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‘Forgotten Foundations’ highlights 19th-century Louisville architecture lost to revitalization efforts

Architectural records for the old Greyhound bus station make a change in downtown Louisville as people beacme more reliant on car and less on mass transit.
Filson Historical Society
Architectural records for the old Greyhound bus station make a change in downtown Louisville as people beacme more reliant on car and less on mass transit.

A new exhibition at Filson Historical Society entitled "Forgotten Foundations: Louisville’s Lost Architecture" uses models and architectural records to show the transformation of downtown since the Civil War.

Danielle Spalenka and Jana Meyer are the exhibit's curators. 

Spalenka, who serves as the digital initiatives and preservation archivist at the museum, said records reveal a larger story about the River City. “We noticed a pattern, that as we looked at the architectural records, we saw how the beautiful, exquisite architectural details really mirror a rise in decline with Louisville,” she said.

The exhibition begins with the 19th-century rise of Louisville. 

“We really talk about the manufacturing, the businesses that were essential in really building it as a hub,” Spalenka said. 

During this time, Louisville acted as entertainment, transportation and an industrial hot spot for the country. 

Spalenka said while the design of the buildings came from several backgrounds, they had one thing in common.

“What was lost were really mindful buildings that really took into presence not just how it looked from a distance, but how it looked from the pedestrian point of view,” Spalenka said.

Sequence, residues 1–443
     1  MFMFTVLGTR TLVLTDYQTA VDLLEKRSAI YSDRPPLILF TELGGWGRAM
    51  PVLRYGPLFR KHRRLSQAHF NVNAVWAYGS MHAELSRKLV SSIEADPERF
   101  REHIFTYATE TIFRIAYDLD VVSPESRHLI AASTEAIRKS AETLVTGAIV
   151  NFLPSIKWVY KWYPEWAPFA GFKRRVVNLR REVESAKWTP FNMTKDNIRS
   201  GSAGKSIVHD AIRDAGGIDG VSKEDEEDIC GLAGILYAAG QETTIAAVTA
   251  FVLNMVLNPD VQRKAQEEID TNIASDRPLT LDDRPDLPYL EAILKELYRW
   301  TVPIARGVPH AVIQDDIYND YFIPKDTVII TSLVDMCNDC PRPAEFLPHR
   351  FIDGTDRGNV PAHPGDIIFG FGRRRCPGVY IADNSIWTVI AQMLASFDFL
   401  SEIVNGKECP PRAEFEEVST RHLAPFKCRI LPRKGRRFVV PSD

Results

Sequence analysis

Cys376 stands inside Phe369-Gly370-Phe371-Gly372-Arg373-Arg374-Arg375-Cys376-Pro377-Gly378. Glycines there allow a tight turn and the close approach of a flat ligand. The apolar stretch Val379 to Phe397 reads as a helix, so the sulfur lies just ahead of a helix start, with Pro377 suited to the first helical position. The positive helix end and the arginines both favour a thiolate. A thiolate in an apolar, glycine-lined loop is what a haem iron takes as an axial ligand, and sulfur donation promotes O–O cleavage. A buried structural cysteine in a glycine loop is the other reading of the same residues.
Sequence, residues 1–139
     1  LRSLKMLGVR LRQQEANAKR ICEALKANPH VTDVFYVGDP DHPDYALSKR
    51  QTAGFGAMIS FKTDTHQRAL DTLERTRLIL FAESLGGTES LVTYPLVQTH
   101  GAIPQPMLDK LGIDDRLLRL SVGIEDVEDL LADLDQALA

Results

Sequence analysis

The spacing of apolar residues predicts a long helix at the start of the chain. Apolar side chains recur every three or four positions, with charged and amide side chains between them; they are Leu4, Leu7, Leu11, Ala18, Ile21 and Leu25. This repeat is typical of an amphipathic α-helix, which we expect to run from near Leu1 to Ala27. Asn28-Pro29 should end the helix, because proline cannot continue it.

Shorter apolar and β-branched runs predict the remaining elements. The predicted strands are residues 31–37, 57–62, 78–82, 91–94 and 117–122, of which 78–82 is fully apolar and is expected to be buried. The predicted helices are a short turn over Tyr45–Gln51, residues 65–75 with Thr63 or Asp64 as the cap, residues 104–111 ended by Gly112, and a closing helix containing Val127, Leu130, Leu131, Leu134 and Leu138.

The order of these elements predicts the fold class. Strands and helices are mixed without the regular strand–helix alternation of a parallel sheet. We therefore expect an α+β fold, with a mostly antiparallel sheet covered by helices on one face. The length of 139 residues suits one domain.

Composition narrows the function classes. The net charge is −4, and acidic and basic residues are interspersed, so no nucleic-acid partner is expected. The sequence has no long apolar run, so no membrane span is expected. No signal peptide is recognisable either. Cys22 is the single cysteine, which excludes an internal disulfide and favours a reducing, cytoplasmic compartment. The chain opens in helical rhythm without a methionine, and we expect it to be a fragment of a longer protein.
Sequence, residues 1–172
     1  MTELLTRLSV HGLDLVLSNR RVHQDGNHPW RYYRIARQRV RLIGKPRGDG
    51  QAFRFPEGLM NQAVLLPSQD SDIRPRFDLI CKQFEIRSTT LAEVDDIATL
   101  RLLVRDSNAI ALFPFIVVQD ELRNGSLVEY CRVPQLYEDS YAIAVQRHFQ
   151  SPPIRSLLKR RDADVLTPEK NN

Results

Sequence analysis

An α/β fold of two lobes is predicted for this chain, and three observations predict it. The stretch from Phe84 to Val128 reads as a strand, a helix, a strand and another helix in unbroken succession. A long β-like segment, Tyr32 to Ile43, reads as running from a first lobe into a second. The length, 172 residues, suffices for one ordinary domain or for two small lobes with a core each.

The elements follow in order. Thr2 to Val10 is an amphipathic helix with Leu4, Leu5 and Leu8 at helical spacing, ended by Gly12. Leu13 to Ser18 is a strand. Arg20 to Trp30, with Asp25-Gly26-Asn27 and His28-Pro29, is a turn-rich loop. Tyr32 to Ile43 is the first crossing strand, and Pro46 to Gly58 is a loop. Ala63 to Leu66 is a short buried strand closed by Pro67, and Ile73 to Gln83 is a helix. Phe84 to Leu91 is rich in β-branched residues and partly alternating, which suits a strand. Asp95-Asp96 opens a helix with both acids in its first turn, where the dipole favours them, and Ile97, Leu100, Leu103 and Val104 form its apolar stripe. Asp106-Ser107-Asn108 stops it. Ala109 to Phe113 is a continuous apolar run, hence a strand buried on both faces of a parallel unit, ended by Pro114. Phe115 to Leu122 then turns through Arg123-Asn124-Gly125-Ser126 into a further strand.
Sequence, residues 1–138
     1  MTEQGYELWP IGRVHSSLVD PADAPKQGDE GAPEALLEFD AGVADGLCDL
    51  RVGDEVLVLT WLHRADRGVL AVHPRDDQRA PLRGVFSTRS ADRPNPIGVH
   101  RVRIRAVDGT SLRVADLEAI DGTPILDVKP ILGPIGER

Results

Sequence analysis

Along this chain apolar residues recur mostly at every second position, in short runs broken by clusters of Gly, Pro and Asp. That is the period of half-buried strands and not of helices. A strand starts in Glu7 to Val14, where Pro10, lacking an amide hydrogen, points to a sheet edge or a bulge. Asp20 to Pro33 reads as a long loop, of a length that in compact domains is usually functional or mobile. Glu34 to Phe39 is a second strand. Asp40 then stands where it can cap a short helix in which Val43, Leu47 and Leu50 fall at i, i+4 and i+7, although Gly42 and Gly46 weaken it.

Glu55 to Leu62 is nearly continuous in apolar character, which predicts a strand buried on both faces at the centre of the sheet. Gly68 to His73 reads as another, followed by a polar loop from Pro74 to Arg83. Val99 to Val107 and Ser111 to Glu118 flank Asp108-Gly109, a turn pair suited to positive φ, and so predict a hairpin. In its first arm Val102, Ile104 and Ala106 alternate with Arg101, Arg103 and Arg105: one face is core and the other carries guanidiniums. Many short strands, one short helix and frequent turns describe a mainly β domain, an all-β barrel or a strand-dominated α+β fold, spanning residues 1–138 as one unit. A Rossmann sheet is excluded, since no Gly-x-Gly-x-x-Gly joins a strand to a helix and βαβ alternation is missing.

One such building highlighted in the exhibition is the Todd office building.

The first two levels of the structure were designed to entice pedestrians to enter the building as they walked past. 

At higher levels, the design changed for those who would be viewing the building from a distance. 

Another highlight of the exhibition is a focus on Walnut Street, where Black Louisvillians created their own downtown space as they weren’t allowed to own businesses in downtown proper. 

“It was often compared to Beale Street or Harlem,” Spalenka said. 

Goldie Beckett, a former owner of the A. B. Ridley funeral home, is featured, talking about Walnut Street before urban renewal efforts destroyed the area. 

The next section of the exhibition looks at the destruction of the architecture in the name of urban renewal. 

A model of the Greyhound bus station and its architectural records is included. A shift from public transit to cars changed downtown Louisville, as did white flight to the suburbs. 

As city officials tried to attract people downtown, they began to destroy buildings, like the Todd Building, that displayed mindful architecture.  

“It was like getting rid of blights downtown,” Spalenka said. “What did that do? It misplaced people, it displaced businesses that had been down there for a long time and put up parking lots.”

A lot of those changes created problems that persist today, like the lack of trees and pedestrian-friendly spaces. 

“How are people supposed to engage and feel that they want to be a part of downtown and stay there when you don’t have this inviting space?” Spalenka asked.

Spalenka said she and Meyer chose to end the exhibition on a note of hope by highlighting efforts to restore some of the architecture and feel of 19th century downtown.

The exhibition will be on display at the Filson Historical Society through September. An online version of the exhibition is also available.

Spalenka said the Filson Historical Society plans to offer trolley tours in May that will take guests through some of the areas where the buildings displayed in the exhibition used to reside.

Breya Jones is the Arts & Culture Reporter for LPM. Email Breya at bjones@lpm.org.